You built your company. You made a pitch deck. And hey, that pitch deck was successful at getting you an investor — maybe even a number of investors. But now you have to decide whose money to take. While it’s tempting to take the highest valuation or the most money, this isn’t the only thing to consider. In fact, a large valuation can often set too high of an expectation.
Any investor can offer money in exchange for equity. But money is only a small part of what makes an investor valuable. He or she may work closely with you from this point forward, take a seat on your company’s board, and be a part of the decision-making process. This article sets out some of the qualities to look for in an investor. These qualities can affirm whether the investor you’re partnering with is right for you.
A different investor at each stage of life
Money is money. At the same time, you need to understand that different types of investors come in at different phases of your company. You likely won’t have a venture capital fund putting money in when your startup is a little less than an idea. At this stage, you’re better off asking friends and family members, or look to angel investors. But once things start to get going, it might not make sense to take an immaterial amount of money from a friend or family member when a seasoned investor can offer a lot more.
The right industry, the right network, and the right influence
When looking for an investor, you want to see what their niche is and what they can bring. If they’ve spent the past 20 years solely in the mining industry, it might not make sense to bring them on board when your startup works exclusively with food products. Take a look at their portfolio and see if they’ve invested in businesses similar to yours.
By bringing on someone who’s already an expert at what you’re doing, you can avoid mistakes that they’ve made or seen in the past. This investor can introduce you to the right people and figure out how to make the business more efficient and competitive. They might also be able to introduce you to key people in other organizations to arrange mutually beneficial partnerships.
Additionally, if they have influence in a particular industry, this could lend credibility to your company, whether it’s having them on the board or having others simply know that they’ve invested in your business and believe in you. It can thus be a lot easier to land clients, partnerships, or even other investors.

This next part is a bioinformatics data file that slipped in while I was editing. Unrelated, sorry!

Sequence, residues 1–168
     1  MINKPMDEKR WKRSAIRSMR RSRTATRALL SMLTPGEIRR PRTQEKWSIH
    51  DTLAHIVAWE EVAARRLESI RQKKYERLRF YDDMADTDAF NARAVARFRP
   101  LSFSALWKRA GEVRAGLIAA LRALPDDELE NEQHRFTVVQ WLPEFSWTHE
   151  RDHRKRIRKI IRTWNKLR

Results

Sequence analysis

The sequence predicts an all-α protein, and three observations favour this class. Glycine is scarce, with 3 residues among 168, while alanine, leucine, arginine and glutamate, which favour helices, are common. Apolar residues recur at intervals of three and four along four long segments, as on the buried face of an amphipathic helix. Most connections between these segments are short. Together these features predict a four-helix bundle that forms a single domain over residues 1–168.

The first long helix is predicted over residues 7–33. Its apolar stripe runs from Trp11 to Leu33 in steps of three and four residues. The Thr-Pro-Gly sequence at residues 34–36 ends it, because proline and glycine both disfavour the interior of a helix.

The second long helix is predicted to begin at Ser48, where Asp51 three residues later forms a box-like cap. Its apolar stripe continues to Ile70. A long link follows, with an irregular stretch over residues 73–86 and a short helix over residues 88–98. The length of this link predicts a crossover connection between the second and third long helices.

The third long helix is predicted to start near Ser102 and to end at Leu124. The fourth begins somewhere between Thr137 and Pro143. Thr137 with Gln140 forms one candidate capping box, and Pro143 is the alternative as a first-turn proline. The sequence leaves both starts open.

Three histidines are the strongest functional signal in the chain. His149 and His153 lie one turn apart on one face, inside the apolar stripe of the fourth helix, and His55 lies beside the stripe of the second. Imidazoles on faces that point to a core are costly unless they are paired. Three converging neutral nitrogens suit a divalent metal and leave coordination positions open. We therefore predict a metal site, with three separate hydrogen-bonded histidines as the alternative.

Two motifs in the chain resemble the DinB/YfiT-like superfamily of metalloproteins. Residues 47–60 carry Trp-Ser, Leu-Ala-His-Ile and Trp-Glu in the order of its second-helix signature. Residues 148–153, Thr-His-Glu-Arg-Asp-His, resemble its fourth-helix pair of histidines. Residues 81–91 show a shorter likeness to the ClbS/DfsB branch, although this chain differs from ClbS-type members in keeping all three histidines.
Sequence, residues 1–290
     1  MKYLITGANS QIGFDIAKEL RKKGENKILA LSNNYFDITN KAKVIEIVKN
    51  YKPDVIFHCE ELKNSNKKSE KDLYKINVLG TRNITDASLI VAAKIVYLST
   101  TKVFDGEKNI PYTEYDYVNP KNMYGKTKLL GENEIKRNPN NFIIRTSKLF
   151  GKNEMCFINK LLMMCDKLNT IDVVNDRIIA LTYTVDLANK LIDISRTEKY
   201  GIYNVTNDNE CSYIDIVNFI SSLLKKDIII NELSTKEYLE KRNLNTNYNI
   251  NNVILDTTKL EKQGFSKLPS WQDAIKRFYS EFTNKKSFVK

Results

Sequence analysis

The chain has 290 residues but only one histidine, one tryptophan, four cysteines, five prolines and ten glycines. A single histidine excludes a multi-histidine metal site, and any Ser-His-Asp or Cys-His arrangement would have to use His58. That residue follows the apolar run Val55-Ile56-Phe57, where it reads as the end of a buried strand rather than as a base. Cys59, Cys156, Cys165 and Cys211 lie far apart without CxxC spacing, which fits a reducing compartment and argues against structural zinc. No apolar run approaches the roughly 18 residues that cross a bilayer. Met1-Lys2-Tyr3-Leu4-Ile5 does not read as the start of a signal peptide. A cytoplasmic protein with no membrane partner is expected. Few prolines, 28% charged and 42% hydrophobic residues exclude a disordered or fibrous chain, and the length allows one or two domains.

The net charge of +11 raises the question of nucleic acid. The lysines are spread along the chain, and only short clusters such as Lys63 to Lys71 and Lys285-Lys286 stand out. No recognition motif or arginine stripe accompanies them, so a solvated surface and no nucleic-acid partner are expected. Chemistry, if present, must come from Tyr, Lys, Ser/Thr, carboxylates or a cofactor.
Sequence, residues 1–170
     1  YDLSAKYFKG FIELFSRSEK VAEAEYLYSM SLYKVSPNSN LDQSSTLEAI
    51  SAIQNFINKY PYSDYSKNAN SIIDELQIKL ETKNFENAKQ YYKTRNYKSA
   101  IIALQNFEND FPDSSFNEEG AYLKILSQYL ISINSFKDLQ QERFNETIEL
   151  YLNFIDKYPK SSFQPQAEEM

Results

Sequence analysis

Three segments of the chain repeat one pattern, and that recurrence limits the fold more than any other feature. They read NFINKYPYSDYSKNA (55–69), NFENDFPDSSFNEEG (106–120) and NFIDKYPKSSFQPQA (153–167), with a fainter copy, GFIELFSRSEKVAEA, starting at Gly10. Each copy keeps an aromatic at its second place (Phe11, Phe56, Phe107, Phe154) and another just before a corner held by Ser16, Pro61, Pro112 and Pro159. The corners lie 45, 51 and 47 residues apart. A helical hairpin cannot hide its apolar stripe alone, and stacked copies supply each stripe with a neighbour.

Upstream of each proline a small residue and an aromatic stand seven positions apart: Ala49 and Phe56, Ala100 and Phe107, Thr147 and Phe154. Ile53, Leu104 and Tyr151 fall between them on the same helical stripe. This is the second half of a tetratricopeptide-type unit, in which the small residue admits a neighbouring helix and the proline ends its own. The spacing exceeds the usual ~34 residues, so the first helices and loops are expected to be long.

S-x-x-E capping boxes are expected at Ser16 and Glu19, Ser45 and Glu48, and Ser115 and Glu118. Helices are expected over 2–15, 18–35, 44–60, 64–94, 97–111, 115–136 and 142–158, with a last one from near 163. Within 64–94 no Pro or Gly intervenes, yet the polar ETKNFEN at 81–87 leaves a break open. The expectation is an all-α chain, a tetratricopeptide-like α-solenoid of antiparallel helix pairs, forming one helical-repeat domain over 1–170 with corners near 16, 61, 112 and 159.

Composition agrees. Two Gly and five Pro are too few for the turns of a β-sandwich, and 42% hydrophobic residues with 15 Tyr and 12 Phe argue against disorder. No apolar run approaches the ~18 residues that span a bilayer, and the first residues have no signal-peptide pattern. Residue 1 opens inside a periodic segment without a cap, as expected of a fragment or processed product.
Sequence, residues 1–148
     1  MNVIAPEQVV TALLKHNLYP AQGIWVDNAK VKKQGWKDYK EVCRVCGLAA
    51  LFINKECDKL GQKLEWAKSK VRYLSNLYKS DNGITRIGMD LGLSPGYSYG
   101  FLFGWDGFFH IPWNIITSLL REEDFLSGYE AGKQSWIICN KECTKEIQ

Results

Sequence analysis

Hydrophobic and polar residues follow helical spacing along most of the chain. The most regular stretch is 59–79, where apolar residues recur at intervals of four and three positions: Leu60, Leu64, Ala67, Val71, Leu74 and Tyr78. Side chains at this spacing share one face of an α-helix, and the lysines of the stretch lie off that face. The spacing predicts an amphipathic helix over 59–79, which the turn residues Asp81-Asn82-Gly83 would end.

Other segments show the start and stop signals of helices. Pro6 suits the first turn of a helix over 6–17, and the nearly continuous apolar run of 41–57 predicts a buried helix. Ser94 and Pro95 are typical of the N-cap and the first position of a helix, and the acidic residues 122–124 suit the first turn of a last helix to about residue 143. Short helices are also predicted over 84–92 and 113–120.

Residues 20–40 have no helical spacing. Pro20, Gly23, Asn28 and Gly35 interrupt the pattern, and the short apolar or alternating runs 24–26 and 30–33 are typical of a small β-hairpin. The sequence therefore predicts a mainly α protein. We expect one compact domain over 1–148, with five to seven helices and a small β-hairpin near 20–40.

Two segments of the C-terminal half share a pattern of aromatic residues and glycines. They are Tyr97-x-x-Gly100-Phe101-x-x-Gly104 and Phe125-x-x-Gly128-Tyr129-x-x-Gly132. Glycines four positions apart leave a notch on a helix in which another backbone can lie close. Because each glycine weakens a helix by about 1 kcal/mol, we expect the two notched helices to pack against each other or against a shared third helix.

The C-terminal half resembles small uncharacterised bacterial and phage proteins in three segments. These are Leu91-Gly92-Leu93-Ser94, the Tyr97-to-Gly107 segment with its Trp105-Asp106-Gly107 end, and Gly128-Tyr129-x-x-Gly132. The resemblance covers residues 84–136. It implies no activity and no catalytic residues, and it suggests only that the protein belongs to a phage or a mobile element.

Could you grab a drink or go on a date with this person?
Finding an investor is like getting married. That’s why you have to make sure you like them. Is this a person you want to grab drinks with after work? Would you survive if the two of you were stuck at an airport? These are all important questions to ask about someone you’re going to work closely with.
If you don’t like a person, there will ultimately be other issues in the relationship. You need to find someone you can trust (because you’re trusting them with your business and they’re trusting you with their money) and someone you can communicate with. Trust plays a big part in this relationship because the investor wants to know that you’re running the company properly. You also need to trust that your investor is helping to source partnerships or clients, if that’s what they promised, and not just thinking of their next investment opportunity. Communication is mandatory for everything from airing out your grievances to explaining strategies, plans, and visions. Investors commonly invest in the entrepreneur as much as they invest in the business. If you can find someone who understands your vision, you’ve already won half the battle.
Choosing an investor or investors is an important part of your business’ life. Make sure you’re choosing the one that is right for your business’ current stage, that they’re someone who’s in the right industry, and that this investor is someone you get along well with. This will ensure a strong partnership and increase the overall success of your business.